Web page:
Stars our destination

November 15, 2012

I am grateful to Times Higher Education for citing my early work on the impact of the research assessment exercise ("Reach for the stars", 1 November). Two other issues have emerged over the years. First, many academics have become stars by a single-minded focus on their own careers: they may not be good at nurturing others and promoting a research culture, which is often a hoped-for result of their recruitment.

Second, there are not enough stars to go round. We need to "grow our own", as the alternative is to look abroad, as Premier League football clubs do. This, compounded by the small number of UK nationals studying full-time PhDs in science, technology, engineering and mathematics, does nothing to improve the national science base (or national football teams).

Ian McNay, Professor emeritus, higher education and management, University of Greenwich

You've reached your article limit.

Register to continue

Registration is free and only takes a moment. Once registered you can read a total of 3 articles each month, plus:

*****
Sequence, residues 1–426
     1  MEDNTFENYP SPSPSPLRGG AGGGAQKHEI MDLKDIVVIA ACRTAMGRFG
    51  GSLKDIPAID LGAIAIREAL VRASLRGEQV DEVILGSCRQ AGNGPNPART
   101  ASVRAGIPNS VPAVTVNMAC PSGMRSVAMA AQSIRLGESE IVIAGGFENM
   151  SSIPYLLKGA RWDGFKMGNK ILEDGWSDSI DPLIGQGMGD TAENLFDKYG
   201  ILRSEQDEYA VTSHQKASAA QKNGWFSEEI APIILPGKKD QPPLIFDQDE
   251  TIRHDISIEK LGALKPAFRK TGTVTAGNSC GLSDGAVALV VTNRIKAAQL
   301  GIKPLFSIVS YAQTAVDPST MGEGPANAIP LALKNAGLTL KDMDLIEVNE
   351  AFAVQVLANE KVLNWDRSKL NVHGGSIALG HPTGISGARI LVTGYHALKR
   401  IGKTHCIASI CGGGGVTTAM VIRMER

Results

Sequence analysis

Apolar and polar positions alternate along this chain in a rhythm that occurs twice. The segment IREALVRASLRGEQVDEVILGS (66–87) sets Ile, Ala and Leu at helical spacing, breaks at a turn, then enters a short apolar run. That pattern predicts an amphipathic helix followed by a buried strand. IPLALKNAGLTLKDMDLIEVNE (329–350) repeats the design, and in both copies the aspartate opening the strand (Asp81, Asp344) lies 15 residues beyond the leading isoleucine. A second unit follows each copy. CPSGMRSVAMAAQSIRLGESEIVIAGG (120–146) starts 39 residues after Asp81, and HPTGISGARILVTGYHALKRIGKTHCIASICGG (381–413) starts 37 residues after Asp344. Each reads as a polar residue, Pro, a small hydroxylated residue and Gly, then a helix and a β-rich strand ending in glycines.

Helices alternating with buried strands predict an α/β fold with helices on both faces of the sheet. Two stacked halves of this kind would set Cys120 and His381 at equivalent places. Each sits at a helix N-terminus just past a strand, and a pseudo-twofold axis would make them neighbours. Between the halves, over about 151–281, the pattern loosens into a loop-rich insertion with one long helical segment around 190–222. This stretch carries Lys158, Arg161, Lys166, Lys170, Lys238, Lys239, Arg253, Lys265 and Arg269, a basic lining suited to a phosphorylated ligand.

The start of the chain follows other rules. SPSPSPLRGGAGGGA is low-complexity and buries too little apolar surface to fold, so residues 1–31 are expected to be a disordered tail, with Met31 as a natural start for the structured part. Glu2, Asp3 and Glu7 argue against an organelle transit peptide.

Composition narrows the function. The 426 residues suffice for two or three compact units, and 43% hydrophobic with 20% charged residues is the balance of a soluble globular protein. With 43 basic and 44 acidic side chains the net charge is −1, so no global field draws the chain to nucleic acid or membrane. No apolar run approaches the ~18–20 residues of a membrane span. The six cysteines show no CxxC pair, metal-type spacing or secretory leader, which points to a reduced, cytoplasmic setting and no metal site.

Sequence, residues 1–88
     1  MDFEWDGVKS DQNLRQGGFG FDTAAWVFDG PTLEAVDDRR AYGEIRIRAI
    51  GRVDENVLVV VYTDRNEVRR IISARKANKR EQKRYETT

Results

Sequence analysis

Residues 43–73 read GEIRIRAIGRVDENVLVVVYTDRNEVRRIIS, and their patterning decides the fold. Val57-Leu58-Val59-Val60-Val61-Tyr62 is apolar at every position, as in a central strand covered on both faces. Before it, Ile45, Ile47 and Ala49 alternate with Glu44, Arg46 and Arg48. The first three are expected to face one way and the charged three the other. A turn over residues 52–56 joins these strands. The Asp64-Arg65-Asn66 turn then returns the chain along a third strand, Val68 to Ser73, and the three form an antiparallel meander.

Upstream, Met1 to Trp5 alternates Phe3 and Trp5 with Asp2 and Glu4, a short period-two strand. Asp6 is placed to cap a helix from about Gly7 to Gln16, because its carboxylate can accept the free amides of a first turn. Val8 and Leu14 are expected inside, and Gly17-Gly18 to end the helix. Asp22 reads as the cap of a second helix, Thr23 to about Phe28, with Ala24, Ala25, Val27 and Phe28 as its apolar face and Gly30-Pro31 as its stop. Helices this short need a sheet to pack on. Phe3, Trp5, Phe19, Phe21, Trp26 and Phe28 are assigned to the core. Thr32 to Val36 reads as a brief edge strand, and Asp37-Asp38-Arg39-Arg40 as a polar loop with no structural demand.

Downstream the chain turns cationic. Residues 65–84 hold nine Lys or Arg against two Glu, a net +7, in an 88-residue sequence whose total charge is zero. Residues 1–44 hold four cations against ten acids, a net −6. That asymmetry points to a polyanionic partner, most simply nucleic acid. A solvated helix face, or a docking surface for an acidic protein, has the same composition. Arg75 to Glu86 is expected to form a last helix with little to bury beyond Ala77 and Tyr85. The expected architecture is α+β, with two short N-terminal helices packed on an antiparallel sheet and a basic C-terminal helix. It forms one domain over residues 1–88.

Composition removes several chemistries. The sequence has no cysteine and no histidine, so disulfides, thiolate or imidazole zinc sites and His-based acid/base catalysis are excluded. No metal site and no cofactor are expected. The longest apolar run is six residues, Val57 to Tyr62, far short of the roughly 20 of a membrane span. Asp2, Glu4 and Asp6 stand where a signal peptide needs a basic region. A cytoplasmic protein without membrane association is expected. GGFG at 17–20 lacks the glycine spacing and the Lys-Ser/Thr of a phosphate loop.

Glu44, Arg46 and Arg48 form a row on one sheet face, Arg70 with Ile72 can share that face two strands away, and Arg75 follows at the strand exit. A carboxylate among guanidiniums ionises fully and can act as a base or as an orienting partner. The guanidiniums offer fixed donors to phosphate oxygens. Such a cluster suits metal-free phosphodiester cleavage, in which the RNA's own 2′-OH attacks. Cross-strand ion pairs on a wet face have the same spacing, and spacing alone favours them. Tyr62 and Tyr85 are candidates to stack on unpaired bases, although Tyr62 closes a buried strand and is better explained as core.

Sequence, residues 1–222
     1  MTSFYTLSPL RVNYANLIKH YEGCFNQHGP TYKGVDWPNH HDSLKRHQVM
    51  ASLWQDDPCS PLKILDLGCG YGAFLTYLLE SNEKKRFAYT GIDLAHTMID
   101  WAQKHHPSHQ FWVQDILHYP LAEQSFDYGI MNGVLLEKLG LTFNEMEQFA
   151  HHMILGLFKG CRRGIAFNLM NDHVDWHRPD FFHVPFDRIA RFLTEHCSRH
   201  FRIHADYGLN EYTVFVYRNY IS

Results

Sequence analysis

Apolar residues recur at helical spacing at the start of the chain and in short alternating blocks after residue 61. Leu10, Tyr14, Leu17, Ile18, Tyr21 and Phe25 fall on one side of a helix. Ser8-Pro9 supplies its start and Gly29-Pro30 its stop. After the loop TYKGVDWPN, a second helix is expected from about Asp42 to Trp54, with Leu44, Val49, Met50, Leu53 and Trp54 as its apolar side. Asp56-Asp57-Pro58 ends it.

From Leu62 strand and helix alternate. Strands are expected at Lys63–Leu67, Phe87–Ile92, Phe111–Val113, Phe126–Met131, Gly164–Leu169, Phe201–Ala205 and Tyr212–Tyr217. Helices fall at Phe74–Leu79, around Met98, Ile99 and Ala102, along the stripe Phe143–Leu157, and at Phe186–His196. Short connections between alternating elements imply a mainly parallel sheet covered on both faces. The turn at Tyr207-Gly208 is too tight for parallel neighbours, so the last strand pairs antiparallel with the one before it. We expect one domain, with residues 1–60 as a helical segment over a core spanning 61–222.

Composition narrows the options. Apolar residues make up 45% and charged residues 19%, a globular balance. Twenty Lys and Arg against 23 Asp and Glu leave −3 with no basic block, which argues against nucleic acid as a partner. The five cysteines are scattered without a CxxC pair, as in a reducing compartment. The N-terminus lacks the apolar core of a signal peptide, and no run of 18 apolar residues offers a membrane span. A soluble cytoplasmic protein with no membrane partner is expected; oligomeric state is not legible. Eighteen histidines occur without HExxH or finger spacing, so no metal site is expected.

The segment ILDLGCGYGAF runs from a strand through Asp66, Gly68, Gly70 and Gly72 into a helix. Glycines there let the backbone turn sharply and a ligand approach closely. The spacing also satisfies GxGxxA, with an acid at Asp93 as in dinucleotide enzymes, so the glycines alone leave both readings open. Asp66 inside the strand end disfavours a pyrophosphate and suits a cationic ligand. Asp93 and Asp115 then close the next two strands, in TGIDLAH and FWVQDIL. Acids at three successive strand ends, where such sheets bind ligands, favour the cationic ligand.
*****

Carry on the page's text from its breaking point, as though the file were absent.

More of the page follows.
• Sign up for the editor's highlights
  • Receive World University Rankings news first
  • Get job alerts, shortlist jobs and save job searches
  • Participate in reader discussions and post comments
Register

Have your say

Log in or register to post comments

Featured Jobs

Most Commented

Monster behind man at desk

Despite all that’s been done to improve doctoral study, horror stories keep coming. Here three students relate PhD nightmares while two academics advise on how to ensure a successful supervision

Female professor

New data show proportion of professors who are women has declined at some institutions

opinion illustration

Eliminating cheating services, even if it were possible, would do nothing to address students’ and universities’ lack of interest in learning, says Stuart Macdonald

John McEnroe arguing with umpire. Tennis

Robert MacIntosh and Kevin O’Gorman explain how to negotiate your annual performance and development review

But the highest value UK spin-out companies mainly come from research-intensives, latest figures show